“I think it’s a great investment in the students’ careers,” said Sasha Prokhorov, Russian studies program director at W&M. “It will provide them with opportunities in the future after they graduate with more career choices because they will have a unique expertise in the language and culture of the region.”
Valuable skills and experience
Susan Manion, W&M’s Project GO coordinator at the Reves Center’s Global Education Office, was a 20-year Army veteran and rose to the rank of lieutenant colonel in the position of deputy brigade commander before making her way to William & Mary. She can attest to the value of foreign language skills for those wanting to be military officers.
“There are so many different opportunities or missions that we had where we worked with foreign militaries, with partner nations, especially NATO nations,” said Manion, who was stationed in Germany twice.
“And yes, there were units that spoke English, but you always felt that there was a barrier there. I think that the language ae culture courses are so important, and I think that the Department of Defense has recognized that, and that’s part of why this program has come about. They want to make sure that their military officers are ready to step into this role and understand the countries that we’re dealing with and their cultures.”
William & Mary is one of 25 universities in the U.S. that offer Project GO programming.
The amount of W&M’s Project GO award for the academic year 2021-22 was $529,000. According to Hill, this is the first major federal teaching and training grant for MLL at W&M. Most previous funding received by the department was for faculty research.
“It’s a very generous scholarship for students,” Hill said. “It’s similar to the Critical Languages Scholarship because it provides airfare, lodging, tuition, meal stipend and other benefits.”
While Project GO programming is often offered at other universities during the fall and spring semesters, W&M will tap into its strengths as a leader in study abroad to offer its program in the summer.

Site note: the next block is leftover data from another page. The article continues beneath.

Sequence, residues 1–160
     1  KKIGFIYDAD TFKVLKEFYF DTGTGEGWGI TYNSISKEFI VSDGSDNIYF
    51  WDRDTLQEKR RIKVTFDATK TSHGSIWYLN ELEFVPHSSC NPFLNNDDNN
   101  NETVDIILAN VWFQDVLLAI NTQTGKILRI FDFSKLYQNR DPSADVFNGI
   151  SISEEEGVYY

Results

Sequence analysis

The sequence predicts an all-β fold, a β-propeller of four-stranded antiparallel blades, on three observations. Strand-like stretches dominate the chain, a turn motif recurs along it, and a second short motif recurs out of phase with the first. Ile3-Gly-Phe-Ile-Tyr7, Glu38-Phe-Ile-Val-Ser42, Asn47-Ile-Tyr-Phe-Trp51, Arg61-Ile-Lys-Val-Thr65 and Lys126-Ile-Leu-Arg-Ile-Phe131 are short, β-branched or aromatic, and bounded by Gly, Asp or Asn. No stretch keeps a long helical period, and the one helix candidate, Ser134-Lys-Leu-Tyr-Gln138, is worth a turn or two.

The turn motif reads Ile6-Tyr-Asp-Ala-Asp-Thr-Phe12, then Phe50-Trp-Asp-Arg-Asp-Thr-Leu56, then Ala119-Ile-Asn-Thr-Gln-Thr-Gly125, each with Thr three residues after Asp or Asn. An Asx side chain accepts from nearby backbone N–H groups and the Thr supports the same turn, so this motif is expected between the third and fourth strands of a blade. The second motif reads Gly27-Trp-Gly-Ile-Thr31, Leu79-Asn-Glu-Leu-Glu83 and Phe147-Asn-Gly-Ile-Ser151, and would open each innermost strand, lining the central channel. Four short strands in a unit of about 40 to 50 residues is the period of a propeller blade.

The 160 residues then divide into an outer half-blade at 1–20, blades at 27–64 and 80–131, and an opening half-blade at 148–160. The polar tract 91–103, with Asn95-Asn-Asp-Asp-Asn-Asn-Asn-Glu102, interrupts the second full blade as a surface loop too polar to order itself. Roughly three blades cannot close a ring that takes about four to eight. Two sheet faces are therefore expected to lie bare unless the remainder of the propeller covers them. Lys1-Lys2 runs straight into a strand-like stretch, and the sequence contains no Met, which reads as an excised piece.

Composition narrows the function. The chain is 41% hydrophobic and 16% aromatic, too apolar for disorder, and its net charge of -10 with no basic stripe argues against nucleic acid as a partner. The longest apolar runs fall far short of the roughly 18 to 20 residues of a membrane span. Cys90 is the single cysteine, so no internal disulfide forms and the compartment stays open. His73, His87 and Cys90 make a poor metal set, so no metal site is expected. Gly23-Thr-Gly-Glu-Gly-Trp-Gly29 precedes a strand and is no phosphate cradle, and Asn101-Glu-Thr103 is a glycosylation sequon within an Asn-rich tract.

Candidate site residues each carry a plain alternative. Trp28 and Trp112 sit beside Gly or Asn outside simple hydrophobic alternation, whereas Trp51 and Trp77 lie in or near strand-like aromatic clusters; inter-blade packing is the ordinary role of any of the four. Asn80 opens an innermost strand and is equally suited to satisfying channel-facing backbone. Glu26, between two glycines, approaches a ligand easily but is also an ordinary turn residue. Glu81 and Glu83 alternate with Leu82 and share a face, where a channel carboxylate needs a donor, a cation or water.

William & Mary was the No. 4 public university in the U.S. for undergraduate study abroad participation for the 2019-20 academic year, according to an Open Doors report by the Institute of International Education and the U.S. Department of State’s Bureau of Education and Cultural Affairs.
Year after year, W&M is ranked a top leader in the nation for study abroad, with a commitment to international experiences and opportunities. Nearly 60% of all undergraduates study abroad in their W&M careers.
This program was made possible by W&M’s strong model for operating study abroad programs, as well as the support of the Global Education Office at The Reves Center for International Studies and the university’s Department of Military Science.
The Office of Sponsored Programs and the Whole of Government Center of Excellence were also instrumental in the proposal.
Since 2007, Project GO has provided approximately 6,500 students with opportunities to study culture and 19 languages, both domestically and abroad in 33 countries around the world.
“Once we’ve run the program for the first year, we can make adjustments and improve on student activities and excursions,” Hill said. “We’re hoping to successfully complete the three-year grant cycle and be able to renew that and pursue similar training and educational grants in other areas.”